“Problema namin sa San Jose ang tubig,” Danilo claims. Currently they are being served under San Jose Water System and Prime Water System. However, some locals have been suffering from water shortages as of late. According to Danilo, the water cut-off can last for as long as three days. Albert, a tricycle driver and Magie’s husband, candidly shares, “’Yong mga customer ko nga nagre-reklamo kasi daw yung mga pampaligo ng anak wisik wisik nalang.”

SJDM hosts another major infrastructure asset, SMC’s P24.4 billion Bulacan Bulk Water Supply Project. Despite its proximity to Angat Dam, Bulacan province has long been dependent on deep wells. The project will provide millions of residents from 24 water districts in Bulacan access to fresh, potable surface water, while balancing the competing needs of a growing population, industry, and agriculture.

The cost of water is P8.50 per cubic meter, the lowest anywhere in the Philippines. Operational since mid-January, Bulacan Bulk Water is currently serving seven municipalities.

A lot of residents say they have not heard of the project. However, they all perceive this as a positive addition to the community. “Mas dadami supplier ‘di ba? Tulad ng convenience store kung isa lang ‘di ba siksikan kayo. Eh kung dadami yan, madami kayong pagpipilian. Ganoon lang naman yan,” says Danilo.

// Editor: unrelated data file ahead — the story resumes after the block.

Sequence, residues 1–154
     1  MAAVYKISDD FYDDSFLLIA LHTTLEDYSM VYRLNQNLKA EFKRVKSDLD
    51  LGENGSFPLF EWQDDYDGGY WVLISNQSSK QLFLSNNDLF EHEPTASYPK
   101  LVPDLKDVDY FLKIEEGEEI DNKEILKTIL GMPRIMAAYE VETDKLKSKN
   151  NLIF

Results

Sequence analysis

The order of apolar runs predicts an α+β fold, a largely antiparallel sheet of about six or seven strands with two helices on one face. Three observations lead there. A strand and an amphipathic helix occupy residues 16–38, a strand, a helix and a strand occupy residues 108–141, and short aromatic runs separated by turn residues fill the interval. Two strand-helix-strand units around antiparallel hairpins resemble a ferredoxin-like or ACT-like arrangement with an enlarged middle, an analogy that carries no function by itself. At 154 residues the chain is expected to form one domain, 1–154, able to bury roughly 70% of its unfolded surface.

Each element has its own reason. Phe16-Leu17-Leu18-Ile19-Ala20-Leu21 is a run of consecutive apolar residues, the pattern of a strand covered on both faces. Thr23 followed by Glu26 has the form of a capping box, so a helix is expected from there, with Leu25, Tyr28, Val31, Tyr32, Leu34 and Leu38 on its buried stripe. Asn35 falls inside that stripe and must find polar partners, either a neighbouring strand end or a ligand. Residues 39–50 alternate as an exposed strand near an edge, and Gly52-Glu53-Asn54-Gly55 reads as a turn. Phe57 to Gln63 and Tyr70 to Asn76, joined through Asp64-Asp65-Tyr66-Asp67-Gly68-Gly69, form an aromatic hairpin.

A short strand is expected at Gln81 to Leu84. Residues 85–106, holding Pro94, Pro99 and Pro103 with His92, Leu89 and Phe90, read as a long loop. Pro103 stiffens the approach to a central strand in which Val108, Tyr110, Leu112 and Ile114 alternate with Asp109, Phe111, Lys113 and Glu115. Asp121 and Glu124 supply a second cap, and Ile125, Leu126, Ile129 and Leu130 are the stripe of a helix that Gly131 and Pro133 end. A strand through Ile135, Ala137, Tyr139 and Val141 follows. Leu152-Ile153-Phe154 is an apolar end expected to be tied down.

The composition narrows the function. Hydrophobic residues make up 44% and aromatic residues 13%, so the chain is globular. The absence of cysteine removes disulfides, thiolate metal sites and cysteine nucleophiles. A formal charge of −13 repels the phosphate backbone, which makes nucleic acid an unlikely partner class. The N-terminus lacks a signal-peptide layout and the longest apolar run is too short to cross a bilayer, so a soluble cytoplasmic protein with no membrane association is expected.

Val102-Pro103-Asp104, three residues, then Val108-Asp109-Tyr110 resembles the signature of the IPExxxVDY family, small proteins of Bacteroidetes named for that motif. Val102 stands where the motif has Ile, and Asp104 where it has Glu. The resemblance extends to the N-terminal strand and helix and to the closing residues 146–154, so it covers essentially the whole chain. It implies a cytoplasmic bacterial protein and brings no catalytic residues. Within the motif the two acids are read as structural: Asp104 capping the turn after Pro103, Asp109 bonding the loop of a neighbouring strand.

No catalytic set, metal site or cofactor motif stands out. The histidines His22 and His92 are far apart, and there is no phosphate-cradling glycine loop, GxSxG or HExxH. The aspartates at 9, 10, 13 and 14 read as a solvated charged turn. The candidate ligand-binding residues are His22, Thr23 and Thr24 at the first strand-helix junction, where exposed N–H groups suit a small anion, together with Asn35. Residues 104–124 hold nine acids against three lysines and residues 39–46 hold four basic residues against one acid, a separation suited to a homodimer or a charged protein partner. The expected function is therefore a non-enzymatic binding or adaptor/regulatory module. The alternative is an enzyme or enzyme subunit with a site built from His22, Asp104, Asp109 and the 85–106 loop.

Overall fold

With the government trying to shift the country’s growth engine away from its traditional dependence on Metro Manila and other established manufacturing centers, the new mass transit system, roads, and other services like the bulk water facility will make relocating factories and offices to smaller centers like San Jose del Monte easier.

At present, the city has some 3,000 registered businesses. Eager to attract more investment, the local government has introduced business-friendly policies such as lower taxes and stepped up government services like better street lighting. San Jose del Monte, says its mayor, is a “slumbering giant.”

So far the locals are positively anticipating these developments. Magie says she has heard of these projects as early as 10 years ago. “Kasi may mga friends kami na ang issues nila dati e ‘yong pag le-let go ng lupa nila…bine-bear nila yung inconvenience na affected yung family nila, na makukuha yung portion ng ganito ganyan pero maluwag sa kalooban nila kasi alam nila na soon e magiging beneficial.”

Danilo acknowledges the impact of more investments towards SJDM. “Mas maganda kasi dun natin nakikita ang ekonomiya e, umuunlad ang ekonomiya kapag dumaraming investor dito ‘di ba? Kelangan natin yang mga investor na yan.”

“Ginhawa talaga kung may mga ganyan,” he says.